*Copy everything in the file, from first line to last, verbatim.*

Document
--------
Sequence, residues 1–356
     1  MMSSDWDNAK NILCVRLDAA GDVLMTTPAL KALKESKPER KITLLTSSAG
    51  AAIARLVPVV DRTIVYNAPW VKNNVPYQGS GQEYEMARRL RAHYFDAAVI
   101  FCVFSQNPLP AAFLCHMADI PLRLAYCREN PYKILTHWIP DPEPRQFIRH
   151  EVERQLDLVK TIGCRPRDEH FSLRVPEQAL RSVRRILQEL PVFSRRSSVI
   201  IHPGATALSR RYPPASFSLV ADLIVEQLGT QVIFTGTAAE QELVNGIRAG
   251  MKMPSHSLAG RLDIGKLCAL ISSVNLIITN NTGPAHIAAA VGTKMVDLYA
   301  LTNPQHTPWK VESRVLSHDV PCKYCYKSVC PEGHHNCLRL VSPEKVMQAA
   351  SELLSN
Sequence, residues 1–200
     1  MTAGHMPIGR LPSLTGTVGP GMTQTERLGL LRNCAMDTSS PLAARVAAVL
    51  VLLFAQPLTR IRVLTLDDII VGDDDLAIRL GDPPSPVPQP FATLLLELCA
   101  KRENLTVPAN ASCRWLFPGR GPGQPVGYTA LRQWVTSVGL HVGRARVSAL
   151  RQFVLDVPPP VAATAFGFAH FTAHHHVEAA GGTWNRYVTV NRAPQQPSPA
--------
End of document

Sequence, residues 1–356
     1  MMSSDWDNAK NILCVRLDAA GDVLMTTPAL KALKESKPER KITLLTSSAG
    51  AAIARLVPVV DRTIVYNAPW VKNNVPYQGS GQEYEMARRL RAHYFDAAVI
   101  FCVFSQNPLP AAFLCHMADI PLRLAYCREN PYKILTHWIP DPEPRQFIRH
   151  EVERQLDLVK TIGCRPRDEH FSLRVPEQAL RSVRRILQEL PVFSRRSSVI
   201  IHPGATALSR RYPPASFSLV ADLIVEQLGT QVIFTGTAAE QELVNGIRAG
   251  MKMPSHSLAG RLDIGKLCAL ISSVNLIITN NTGPAHIAAA VGTKMVDLYA
   301  LTNPQHTPWK VESRVLSHDV PCKYCYKSVC PEGHHNCLRL VSPEKVMQAA
   351  SELLSN
Sequence, residues 1–200
     1  MTAGHMPIGR LPSLTGTVGP GMTQTERLGL LRNCAMDTSS PLAARVAAVL
    51  VLLFAQPLTR IRVLTLDDII VGDDDLAIRL GDPPSPVPQP FATLLLELCA
   101  KRENLTVPAN ASCRWLFPGR GPGQPVGYTA LRQWVTSVGL HVGRARVSAL
   151  RQFVLDVPPP VAATAFGFAH FTAHHHVEAA GGTWNRYVTV NRAPQQPSPA